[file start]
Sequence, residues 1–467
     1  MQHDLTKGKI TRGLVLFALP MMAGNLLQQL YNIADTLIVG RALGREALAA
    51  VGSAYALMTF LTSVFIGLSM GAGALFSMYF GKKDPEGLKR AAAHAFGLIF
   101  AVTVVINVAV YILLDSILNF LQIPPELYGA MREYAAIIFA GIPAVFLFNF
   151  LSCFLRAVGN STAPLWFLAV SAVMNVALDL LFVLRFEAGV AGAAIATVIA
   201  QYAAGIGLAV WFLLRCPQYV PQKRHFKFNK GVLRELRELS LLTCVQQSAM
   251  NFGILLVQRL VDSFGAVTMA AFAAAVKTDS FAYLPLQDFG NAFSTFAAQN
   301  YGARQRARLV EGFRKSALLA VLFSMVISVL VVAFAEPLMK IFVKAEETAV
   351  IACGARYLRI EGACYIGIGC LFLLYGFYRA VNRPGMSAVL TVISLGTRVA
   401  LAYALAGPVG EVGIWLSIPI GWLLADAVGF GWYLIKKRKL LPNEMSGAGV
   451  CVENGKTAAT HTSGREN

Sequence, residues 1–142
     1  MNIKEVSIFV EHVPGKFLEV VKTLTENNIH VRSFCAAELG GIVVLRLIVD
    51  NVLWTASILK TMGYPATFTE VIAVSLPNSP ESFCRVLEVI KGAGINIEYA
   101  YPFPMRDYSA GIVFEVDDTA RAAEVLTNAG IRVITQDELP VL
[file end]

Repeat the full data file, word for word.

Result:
Sequence, residues 1–467
     1  MQHDLTKGKI TRGLVLFALP MMAGNLLQQL YNIADTLIVG RALGREALAA
    51  VGSAYALMTF LTSVFIGLSM GAGALFSMYF GKKDPEGLKR AAAHAFGLIF
   101  AVTVVINVAV YILLDSILNF LQIPPELYGA MREYAAIIFA GIPAVFLFNF
   151  LSCFLRAVGN STAPLWFLAV SAVMNVALDL LFVLRFEAGV AGAAIATVIA
   201  QYAAGIGLAV WFLLRCPQYV PQKRHFKFNK GVLRELRELS LLTCVQQSAM
   251  NFGILLVQRL VDSFGAVTMA AFAAAVKTDS FAYLPLQDFG NAFSTFAAQN
   301  YGARQRARLV EGFRKSALLA VLFSMVISVL VVAFAEPLMK IFVKAEETAV
   351  IACGARYLRI EGACYIGIGC LFLLYGFYRA VNRPGMSAVL TVISLGTRVA
   401  LAYALAGPVG EVGIWLSIPI GWLLADAVGF GWYLIKKRKL LPNEMSGAGV
   451  CVENGKTAAT HTSGREN

Sequence, residues 1–142
     1  MNIKEVSIFV EHVPGKFLEV VKTLTENNIH VRSFCAAELG GIVVLRLIVD
    51  NVLWTASILK TMGYPATFTE VIAVSLPNSP ESFCRVLEVI KGAGINIEYA
   101  YPFPMRDYSA GIVFEVDDTA RAAEVLTNAG IRVITQDELP VL